16 7 FURTHER WORK This initial study of an energy density failure criterion has yielded promising results. The proposed work programme includes testing bulk specimens of a butadiene/epoxy, a filled butadiene, a rubber toughened epoxy as well as further tests on 3M DP609 polyurethane adhesive to establish the applicability of this criterion for a range of adhesives. Finite element analysis is to be used in this programme of work to model the response of adhesive joints under load. This analysis requires the input of data from additional load configurations, i.e. equibiaxial, shear, as well as uniaxial loading to allow the modelling of the material using a finite element package. The stress-strain data from these additional load cases will also be tested against this energy density failure criterion. This hysteresis, H B /failure energy density, U B, failure criterion in practice represents failure upon the instantaneous application of a critical load. Realistically adhesive joints can sustain loads in excess of the theoretical maximum. It is obvious that other mechanisms are in operation which effectively spread this instantaneously applied critical load across the adhesive joint. This transfer of 'excess' load across joints occurs by creep and stress relaxation mechanisms. This slower time dependent behaviour of adhesives is to be investigated in creep tests to failure. The data from these tests will be used in the finite element modelling of the mechanisms by which adhesive joints can sustain loads greater than the expected failure load. The total energy dissipated in creep to failure tests will also be tested against this proposed failure criterion. The work of Smith (1,3) indicates that if time-temperature superposition is applicable the ultimate tensile properties can be characterised by a failure envelope that is independent of time or strain rate, and temperature. The use of time-temperature superposition will allow the correlation of data from different materials which normally correspond to different relative positions on the characteristic failure envelopes. 16 [L93:CMMTB130]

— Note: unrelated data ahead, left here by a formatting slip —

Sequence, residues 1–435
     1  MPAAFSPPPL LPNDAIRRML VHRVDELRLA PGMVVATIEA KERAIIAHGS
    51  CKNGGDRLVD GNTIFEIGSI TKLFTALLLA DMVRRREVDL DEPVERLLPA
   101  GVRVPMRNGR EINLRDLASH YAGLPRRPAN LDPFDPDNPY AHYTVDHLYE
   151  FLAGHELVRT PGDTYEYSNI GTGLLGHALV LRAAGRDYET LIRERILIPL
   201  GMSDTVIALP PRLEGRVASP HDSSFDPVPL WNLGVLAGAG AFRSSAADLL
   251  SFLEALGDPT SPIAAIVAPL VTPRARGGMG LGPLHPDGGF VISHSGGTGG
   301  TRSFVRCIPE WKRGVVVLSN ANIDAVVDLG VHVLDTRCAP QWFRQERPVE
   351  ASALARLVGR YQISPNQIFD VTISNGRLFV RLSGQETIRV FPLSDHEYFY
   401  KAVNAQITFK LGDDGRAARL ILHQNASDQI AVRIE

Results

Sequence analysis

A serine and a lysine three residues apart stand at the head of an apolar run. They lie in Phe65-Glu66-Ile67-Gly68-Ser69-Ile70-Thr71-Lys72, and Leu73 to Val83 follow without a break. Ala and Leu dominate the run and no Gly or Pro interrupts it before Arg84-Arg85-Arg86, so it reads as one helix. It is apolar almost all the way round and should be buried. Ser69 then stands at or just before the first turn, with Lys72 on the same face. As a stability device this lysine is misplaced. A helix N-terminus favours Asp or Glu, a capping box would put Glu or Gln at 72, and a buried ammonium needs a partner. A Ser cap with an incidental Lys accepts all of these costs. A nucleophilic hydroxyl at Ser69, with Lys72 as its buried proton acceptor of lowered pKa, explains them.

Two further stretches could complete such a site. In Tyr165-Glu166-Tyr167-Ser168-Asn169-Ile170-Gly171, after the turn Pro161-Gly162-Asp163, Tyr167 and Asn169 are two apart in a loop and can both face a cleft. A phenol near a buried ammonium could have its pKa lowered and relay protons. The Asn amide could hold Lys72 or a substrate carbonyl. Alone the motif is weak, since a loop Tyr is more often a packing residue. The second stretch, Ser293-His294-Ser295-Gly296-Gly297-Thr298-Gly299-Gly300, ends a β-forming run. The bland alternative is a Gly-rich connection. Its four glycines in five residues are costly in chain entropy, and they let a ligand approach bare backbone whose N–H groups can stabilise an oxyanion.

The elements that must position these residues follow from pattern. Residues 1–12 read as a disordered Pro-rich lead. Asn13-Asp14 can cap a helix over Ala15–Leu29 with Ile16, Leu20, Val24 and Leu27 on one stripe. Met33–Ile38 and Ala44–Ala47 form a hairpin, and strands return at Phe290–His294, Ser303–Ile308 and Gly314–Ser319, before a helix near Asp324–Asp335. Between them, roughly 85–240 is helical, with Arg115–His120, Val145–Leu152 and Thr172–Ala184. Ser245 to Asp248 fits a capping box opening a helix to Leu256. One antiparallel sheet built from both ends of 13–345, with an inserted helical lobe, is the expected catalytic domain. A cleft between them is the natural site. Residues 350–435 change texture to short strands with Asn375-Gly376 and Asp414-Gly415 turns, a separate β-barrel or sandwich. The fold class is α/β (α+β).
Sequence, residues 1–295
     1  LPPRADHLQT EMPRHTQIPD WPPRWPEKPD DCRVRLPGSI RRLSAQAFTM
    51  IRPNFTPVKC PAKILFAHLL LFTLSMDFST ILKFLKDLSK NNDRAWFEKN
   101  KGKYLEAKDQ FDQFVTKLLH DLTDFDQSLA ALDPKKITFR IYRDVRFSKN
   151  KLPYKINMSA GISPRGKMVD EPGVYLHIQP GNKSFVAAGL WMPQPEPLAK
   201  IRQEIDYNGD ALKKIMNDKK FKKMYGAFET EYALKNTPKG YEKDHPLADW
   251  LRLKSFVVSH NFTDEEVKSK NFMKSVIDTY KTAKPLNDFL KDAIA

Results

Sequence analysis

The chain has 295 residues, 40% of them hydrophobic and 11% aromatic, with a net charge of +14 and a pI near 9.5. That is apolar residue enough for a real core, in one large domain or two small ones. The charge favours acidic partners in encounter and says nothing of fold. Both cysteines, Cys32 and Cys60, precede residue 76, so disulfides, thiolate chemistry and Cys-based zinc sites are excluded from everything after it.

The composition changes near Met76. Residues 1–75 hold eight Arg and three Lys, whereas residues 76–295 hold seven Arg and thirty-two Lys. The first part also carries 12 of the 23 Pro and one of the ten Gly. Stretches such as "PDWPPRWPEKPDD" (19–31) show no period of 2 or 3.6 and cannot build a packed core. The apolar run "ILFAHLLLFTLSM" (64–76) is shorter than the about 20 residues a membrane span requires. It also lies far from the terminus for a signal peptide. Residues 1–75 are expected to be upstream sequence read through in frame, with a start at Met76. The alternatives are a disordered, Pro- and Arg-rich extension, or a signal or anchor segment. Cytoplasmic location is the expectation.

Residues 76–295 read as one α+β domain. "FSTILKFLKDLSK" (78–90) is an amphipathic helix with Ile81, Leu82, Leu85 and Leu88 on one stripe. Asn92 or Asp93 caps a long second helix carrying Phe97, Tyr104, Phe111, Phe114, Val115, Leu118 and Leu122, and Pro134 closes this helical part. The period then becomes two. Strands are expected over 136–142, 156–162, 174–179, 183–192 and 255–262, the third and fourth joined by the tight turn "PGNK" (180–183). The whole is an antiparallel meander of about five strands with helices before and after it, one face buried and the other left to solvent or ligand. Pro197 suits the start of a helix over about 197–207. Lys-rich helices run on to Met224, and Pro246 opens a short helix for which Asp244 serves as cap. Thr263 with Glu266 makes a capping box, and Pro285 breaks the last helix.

17 8 REFERENCES 1. Smith, T.L. J. Polymer Sci. A, 1, 3597 (1963). 2. Smith, T.L. J. Appl. Phys., 35, 27 (1964). 3. Smith, T.L., Frederick, J.E. J. Appl, Phys., 36, 2996 (1965). 4. Halpin, J.C. J. Appl. Phys., 35, 3133 (1964). 5. Halpin, J.C., Bueche, F. J. Appl. Phys., 35, 3142 (1964). 6. Grosch, K., Harwood, J.A.C., Payne, A.R. Nature, 212, 497 (1966). 7. Harwood, J.A.C., Payne, A.R. J. Appl. Polymer Sci, 12, 889 (1968). 8. Whittaker, R.E. Polymer 13, 169 (1972). 9. Kinloch, A.J. Review of Adhesive Bond Failure Criteria, MTS Programme , Tests and Measurement Methods on the Performance of Adhesive Joints, Project 2: Failure Modes and Criteria, Report 1, August 1994, AEA-ESD Payne, A.R., Whittaker, R.E. J. Appl. Polymer Sci. 15, 1941 (1971). 11. Mullins, L., Tobin, N.R. J. Appl. Polymer Sci. 9, 2993 (1965). 9 LIST OF FIGURES Figure 1 Figure 2 Type B ISO 527-2:1993(E) tensile test specimen 3M DP609 polyurethane adhesive tested to failure at 4 mm/min at 0, 6, 16 and 23 o C. Figure 3 3M DP609 polyurethane adhesive tested to failure at 4 mm/min at 30, 40 and 50 o C. Figure 4 Figure 5 3M DP609 polyurethane adhesive hysteresis and subsequent failure graphs after testing at 4 mm/min at 6, 16 and 23 o C. 3M DP609 polyurethane adhesive hysteresis and subsequent failure graphs after testing at 4 mm/min at 30, 40 and 50 o C. Figure 6 Energy density, U B, as a function of hysteresis energy, H B. Figure 7 Effect of temperature on energy to break, U B. 17